In the last post, we were introduced to the basic rules of stratigraphy as they stood exposed in the spectacular cliff faces of Red Rock Canyon State Park in California's Mojave Desert. A classroom chalk board can only provide a cartoon of these concepts, so there is nothing quite like being there and laying your hands on these records of the Earth's past. We were on the road with 30 community college students, most of whom were seeing this landscape for the first time. After an introduction to the stratigraphic principles of superposition, original horizontality, lateral continuity, and cross-cutting relationships, I sent the students forth to test their newly acquired knowledge against the cliffs above. We weren't quite to the point where we could do geologic mapping, but I provided them with an outlined photo of the scene (below) and asked them to describe the rocks, and identify any structures.
extinct elephants, rhinos, three-toed horses, giraffe-like camels, saber-toothed cats, and bone-crushing dogs as well as smaller animals like ancestral skunks, martens, alligator lizards, rodents, and shrews. (follow the links to descriptions of each type of animal on the Los Angeles Natural History Museum website).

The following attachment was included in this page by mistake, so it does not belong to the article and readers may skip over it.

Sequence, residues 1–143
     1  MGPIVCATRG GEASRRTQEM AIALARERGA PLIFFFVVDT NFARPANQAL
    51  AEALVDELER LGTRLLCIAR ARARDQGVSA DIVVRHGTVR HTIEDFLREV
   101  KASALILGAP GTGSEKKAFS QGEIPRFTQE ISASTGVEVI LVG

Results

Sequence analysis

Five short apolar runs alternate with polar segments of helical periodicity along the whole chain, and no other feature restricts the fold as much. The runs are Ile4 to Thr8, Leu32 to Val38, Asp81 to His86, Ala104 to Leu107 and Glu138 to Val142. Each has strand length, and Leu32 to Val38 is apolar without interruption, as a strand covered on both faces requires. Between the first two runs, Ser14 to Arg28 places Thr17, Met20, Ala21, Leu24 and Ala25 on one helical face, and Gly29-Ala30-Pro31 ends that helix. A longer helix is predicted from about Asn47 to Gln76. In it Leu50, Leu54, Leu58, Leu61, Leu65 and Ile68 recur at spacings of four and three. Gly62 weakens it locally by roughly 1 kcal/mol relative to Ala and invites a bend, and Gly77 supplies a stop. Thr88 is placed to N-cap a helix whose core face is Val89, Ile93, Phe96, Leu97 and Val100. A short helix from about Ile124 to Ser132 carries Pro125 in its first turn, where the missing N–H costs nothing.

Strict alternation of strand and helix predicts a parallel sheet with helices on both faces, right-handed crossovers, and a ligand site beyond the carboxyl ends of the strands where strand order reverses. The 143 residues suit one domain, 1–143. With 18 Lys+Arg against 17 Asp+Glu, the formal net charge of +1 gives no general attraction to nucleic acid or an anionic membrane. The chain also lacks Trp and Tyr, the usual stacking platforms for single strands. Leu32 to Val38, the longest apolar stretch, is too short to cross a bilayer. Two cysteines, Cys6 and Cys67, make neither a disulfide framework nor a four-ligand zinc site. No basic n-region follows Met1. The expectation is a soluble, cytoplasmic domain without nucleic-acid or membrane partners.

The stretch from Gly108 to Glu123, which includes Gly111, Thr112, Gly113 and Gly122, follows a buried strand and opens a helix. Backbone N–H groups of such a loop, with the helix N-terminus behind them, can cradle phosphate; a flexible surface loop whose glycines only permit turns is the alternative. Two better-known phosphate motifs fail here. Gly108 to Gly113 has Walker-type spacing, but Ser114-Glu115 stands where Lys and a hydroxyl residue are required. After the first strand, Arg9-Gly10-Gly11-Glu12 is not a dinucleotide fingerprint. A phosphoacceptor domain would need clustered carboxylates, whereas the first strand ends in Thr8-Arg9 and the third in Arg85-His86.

Faults in a cartoon drawing on a chalkboard are a lot easier to see than most faults in the real world. A number of the students noticed how the layers ended and identified the fault that caused them to be offset (see the arrows in the diagram above). I headed up to take a closer look at the fault surface...because I think everyone should know their faults...
If postings seem sparse in the coming week, it would be because we are about to embark on part two of our Strangers in a Strange Land journey: an exploration of the Mojave Scenic Preserve in the desert south of Death Valley. We're attending the spring meeting of the Far Western Section of the National Association of Geoscience Teachers at the Desert Research Center at Zzyzx. Hope to see a few of you there!